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Sun-Earth Day at SSC
Exploring life under the sun
About 150 local students created an edible sun model during Stennis Space Center’s Sun-Earth Day celebration on April 10. With a plain cookie, the students created the sun’s outer layers – photosphere, sunspots and solar prominences – by spreading white frosting and shaking yellow and red sprinkles on top. The sprinkles illustrated the granular appearance of the photosphere. A few chocolate chips served as sunspots and a few pieces of licorice formed small arches for the solar prominences. “This was one of the students’ favorite activities, and it helped them to visualize how the Sun is structured,” said Keely Keyser, SSC’s NASA Explorer Schools coordinator. “All the hands-on activities were great learning experiences for students to have a better understanding of the relationship between the sun and Earth.”
Michael Sandras, a member of the Pontchartrain Astronomical Society, explains his solar telescope to students of Second Street in Bay St. Louis, Hancock County and Nicholson elementary schools in StenniSphere’s Millennium Hall. The students participated in several hands-on activities at Stennis Space Center’s Sun-Earth Day celebration April 10.
Participating elementary schools – Second Street in Bay St. Louis, Hancock County and Nicholson – were selected from those whose teachers attended SSC’s Office of
Education’s Sun-Earth Day workshop in February. Divided in five rotating groups and sessions, the stuSee SUN-EARTH DAY, Page 7
Applied Sciences’ new associate director visits SSC
Dr. Teresa Fryberger (center), NASA’s new associate director of Applied Sciences in NASA Headquarters’ Science Mission Directorate, meets with Mark Glorioso (left), Stennis Space Center’s Applied Research and Technology Office chief; and SSC Director Dr. Rick Gilbrech during her visit to the center March 20. Fryberger visited SSC to learn more about the people who conduct the center’s work in the program. SSC participation includes research in NASA science capabilities relevant to community concerns such as climate change and health of the planet. The work includes creating advanced computer-generated visualizations, demonstrating research results from remote sensing data and models, and managing the information used by Applied Sciences Program participants at four other centers and NASA Headquarters.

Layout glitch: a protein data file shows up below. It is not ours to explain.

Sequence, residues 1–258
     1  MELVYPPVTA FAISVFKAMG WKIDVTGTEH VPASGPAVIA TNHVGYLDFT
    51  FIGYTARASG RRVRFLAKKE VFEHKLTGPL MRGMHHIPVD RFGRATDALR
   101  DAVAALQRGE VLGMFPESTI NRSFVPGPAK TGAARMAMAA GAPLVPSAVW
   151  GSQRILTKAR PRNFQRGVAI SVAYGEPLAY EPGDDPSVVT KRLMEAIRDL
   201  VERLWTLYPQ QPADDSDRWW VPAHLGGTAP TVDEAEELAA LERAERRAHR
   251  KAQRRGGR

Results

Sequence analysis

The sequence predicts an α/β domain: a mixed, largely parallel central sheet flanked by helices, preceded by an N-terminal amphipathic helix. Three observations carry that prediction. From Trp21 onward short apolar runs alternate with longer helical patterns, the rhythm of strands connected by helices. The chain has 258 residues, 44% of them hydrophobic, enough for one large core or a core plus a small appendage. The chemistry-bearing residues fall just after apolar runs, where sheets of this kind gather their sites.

From the desk of
Deputy Director, Stennis Space Center
can control how we manage our efforts. I once heard a senior manager say, “We have to break the rules to get the job done.” I don’t understand that mentality. Our task is to accomplish goals within strictures. Anybody can do it by breaking rules. We are in a pivotal era of space exploration. Nearing the end of shuttle, we are in initial phases of preparation to test engines for a new lunar program. This will be the third generation of engines tested on stands built back in the 20th century, and will require our best effort. We also have significant roles in applied science, enabling a better understanding of our planet with tremendous potential for lunar and planetary exploration. Our ability to collaborate with other federal agencies in using space-generated data is unequaled. These opportunities come with technical and resource challenges, requiring us to focus our energy and capabilities. The potential benefits are incalculable. History is replete with civilizations that failed to accept risks and ceased to explore. The same is true for organizations. I recently attended the “For Inspiration and Recognition of Science and Technology” (FIRST) Robotics Competition at the Convention Center in New Orleans, a site once symbolic of suffering and hopelessness. Talk about inspiration! That center was filled with the enthusiasm of youth and volunteers, many from Stennis Space Center, all with a full belief in what they could accomplish together. Let’s foster that same spirit as we face these challenges. The cypress paneling in my office attests we can accomplish whatever we believe we can.
“Can’t do it that way.” “It’s never been done.” “(Fill in blank) won’t approve it.” Have you heard, or even used, such phrases? Too often we allow these admonitions to affect our thoughts about new initiatives. It’s been said NASA is an aging agency, petrified by bureaucracy. It doesn’t have to be that way. Challenging the nation to a race for the moon in 1961, with 15 minutes of ballistic spaceflight experience, President Kennedy charged, “We do these things not because they are easy, but because they are hard.” We work at a center raised from the muck of a cypress swamp to meet that audacious goal. Early in the program, construction of the test stands was the critical path to footprints on the moon. The Apollo Program, born of a vision, built the infrastructure, processes, work force and the flight hardware to successfully complete that mission. We “stand on the shoulders of Titans” with a quest to further prior achievements. Many say Apollo had an unlimited budget and zero precedent; but they had slide rules and a belief they could. We have more constraints; we also have more experience, infrastructure and incredible computing power. We can’t control the budget we receive or program assignments; we